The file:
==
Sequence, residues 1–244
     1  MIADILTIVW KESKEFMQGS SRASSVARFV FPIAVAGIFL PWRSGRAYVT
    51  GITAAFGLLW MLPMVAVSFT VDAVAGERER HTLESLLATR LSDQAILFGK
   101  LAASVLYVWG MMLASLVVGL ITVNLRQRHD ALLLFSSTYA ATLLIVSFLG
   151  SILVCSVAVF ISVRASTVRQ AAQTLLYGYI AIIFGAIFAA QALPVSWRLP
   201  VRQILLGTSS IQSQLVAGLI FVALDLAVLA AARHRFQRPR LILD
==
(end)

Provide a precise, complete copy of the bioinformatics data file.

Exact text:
Sequence, residues 1–244
     1  MIADILTIVW KESKEFMQGS SRASSVARFV FPIAVAGIFL PWRSGRAYVT
    51  GITAAFGLLW MLPMVAVSFT VDAVAGERER HTLESLLATR LSDQAILFGK
   101  LAASVLYVWG MMLASLVVGL ITVNLRQRHD ALLLFSSTYA ATLLIVSFLG
   151  SILVCSVAVF ISVRASTVRQ AAQTLLYGYI AIIFGAIFAA QALPVSWRLP
   201  VRQILLGTSS IQSQLVAGLI FVALDLAVLA AARHRFQRPR LILD